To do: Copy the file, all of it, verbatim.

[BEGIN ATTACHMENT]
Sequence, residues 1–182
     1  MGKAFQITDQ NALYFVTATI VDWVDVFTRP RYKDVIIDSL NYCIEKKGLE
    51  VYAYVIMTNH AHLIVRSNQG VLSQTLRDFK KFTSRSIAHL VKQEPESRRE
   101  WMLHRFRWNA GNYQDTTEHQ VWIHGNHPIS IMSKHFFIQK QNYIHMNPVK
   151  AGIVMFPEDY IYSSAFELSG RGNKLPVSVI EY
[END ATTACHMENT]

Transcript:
Sequence, residues 1–182
     1  MGKAFQITDQ NALYFVTATI VDWVDVFTRP RYKDVIIDSL NYCIEKKGLE
    51  VYAYVIMTNH AHLIVRSNQG VLSQTLRDFK KFTSRSIAHL VKQEPESRRE
   101  WMLHRFRWNA GNYQDTTEHQ VWIHGNHPIS IMSKHFFIQK QNYIHMNPVK
   151  AGIVMFPEDY IYSSAFELSG RGNKLPVSVI EY